By Izzi Roth, TIWP Student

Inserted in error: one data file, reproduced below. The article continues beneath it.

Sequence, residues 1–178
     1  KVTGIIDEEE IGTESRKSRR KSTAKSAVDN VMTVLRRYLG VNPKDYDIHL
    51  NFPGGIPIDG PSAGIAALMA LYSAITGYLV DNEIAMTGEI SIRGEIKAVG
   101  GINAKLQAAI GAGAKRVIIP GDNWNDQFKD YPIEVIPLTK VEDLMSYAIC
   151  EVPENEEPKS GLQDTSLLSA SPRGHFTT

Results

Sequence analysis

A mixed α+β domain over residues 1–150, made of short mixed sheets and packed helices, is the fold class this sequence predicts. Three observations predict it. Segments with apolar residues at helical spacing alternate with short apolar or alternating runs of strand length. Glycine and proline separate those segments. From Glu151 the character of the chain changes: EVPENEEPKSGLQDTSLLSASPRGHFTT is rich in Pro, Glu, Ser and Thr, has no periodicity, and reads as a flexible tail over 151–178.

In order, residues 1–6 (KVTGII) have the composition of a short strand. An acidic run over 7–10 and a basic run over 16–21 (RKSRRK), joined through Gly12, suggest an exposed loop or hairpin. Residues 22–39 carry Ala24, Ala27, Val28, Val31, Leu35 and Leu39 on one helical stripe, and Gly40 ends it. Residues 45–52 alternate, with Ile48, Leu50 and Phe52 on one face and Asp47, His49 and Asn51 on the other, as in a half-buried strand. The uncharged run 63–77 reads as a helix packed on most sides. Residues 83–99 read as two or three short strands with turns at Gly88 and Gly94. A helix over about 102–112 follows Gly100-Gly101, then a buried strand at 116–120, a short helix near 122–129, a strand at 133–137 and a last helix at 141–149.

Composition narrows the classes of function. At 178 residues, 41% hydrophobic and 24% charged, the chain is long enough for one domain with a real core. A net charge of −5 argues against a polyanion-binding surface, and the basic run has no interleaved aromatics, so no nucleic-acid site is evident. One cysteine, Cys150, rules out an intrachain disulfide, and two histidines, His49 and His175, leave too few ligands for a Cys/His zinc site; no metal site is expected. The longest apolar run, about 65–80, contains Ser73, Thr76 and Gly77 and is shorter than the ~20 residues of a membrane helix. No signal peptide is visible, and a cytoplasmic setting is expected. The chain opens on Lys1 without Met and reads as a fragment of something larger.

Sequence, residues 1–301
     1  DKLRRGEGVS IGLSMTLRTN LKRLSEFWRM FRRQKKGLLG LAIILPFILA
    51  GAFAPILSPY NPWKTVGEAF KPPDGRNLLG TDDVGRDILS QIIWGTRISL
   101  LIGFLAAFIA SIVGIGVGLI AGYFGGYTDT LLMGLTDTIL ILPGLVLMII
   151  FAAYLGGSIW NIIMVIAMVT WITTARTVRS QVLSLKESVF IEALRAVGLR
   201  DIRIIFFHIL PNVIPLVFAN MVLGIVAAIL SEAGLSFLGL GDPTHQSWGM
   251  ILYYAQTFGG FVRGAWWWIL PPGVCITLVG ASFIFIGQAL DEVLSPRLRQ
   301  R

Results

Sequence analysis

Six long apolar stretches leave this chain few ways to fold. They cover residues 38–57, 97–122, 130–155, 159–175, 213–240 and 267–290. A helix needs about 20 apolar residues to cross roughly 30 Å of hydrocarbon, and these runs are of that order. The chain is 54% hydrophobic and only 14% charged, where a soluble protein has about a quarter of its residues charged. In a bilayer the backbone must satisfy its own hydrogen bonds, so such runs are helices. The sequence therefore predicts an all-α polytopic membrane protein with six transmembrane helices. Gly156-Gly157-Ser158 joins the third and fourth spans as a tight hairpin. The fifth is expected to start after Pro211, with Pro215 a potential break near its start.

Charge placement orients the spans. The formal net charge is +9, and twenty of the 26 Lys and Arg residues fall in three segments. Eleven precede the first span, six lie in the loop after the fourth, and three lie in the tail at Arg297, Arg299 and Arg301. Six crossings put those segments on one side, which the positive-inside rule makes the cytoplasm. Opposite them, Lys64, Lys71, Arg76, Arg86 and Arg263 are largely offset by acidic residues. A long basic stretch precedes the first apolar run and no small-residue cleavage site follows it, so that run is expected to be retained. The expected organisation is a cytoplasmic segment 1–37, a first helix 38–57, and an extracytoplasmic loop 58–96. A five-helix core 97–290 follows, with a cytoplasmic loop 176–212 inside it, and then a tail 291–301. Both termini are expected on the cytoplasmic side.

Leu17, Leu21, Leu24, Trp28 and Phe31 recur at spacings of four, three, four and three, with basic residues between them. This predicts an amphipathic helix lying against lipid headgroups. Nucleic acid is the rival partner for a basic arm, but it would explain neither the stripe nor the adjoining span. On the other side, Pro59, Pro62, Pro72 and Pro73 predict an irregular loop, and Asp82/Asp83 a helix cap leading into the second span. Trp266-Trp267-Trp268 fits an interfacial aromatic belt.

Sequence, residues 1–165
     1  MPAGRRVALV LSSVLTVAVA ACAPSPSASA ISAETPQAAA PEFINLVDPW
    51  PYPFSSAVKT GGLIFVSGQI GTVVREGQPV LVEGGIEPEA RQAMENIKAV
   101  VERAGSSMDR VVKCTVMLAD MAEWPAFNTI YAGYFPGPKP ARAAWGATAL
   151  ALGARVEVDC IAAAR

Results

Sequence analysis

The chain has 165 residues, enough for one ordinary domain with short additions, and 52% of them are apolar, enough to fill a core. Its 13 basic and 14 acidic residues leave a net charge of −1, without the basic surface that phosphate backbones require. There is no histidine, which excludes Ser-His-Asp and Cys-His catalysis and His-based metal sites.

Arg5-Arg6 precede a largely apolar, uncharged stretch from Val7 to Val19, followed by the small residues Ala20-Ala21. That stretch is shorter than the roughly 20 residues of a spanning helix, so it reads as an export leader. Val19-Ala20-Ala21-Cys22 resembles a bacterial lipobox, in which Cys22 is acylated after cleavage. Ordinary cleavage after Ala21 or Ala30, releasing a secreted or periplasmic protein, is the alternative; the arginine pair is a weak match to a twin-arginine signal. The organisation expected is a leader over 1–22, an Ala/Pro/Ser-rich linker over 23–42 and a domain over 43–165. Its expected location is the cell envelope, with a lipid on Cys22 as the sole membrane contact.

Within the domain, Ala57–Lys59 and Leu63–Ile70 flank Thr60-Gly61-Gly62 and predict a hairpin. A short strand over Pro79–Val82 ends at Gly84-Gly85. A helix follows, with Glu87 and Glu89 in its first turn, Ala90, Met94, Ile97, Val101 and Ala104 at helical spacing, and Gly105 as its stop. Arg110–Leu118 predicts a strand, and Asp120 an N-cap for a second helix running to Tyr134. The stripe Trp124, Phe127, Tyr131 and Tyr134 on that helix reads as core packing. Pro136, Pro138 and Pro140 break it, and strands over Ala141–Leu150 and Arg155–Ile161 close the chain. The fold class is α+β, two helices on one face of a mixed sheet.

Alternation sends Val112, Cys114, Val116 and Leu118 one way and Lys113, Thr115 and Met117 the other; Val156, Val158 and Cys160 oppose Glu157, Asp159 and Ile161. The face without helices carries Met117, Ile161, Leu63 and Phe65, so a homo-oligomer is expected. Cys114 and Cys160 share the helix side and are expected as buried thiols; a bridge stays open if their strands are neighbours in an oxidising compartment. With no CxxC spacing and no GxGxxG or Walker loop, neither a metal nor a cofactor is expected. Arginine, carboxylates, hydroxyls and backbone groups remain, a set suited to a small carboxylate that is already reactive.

The foot comes off the gas and as the tires slowly grab the pebbles off the ground and it goes dark. A voice calls out, “hey would you come here for a sec” and it all goes dark. You step out of the house and a pair of eyes gropes you from your ankles to your eyes and it all goes dark. Your eyes become tunnels instead of window; a thousand ants sneak up your spine; pins and needles pierce the tips of your fingers; and all the air in the world cannot satiate your collapsed lungs. Why does this have to be a part of being woman? Why is this something we allow pigs to make us feel? Could it ever be changed? Will boys really always be boys? And will locker rooms always be filled with the sounds of objectification, sexualization, and oppression? I refuse to believe being woman means my daughter will have to feel this or that my son will make another woman feel this. I cannot believe this is part of being woman and that each one of us with ovaries has felt this way. We should be sharing stories of empowerment and fierce womanhood, not war stories of walking down the street at night. It does not matter what we wore, it does not matter what he thought my eyes were saying, and it does not matter that I was alone. Being a woman is being human at the most difficult level, but I believe a time will come when it won’t be difficult to be woman. And that womanhood will never again feel the icky-ness or the slimey-ness or the blech-y-ness of objectification. And being woman will be coveted. One day I want to hear a little boy ask his mom why he can’t have babies and when she responds tell her it’s not fair. It may sound like I hate men but don’t. I hate that “feminist” is synonymous with pariah. And I believe that there will come a day when being woman will mean being equal.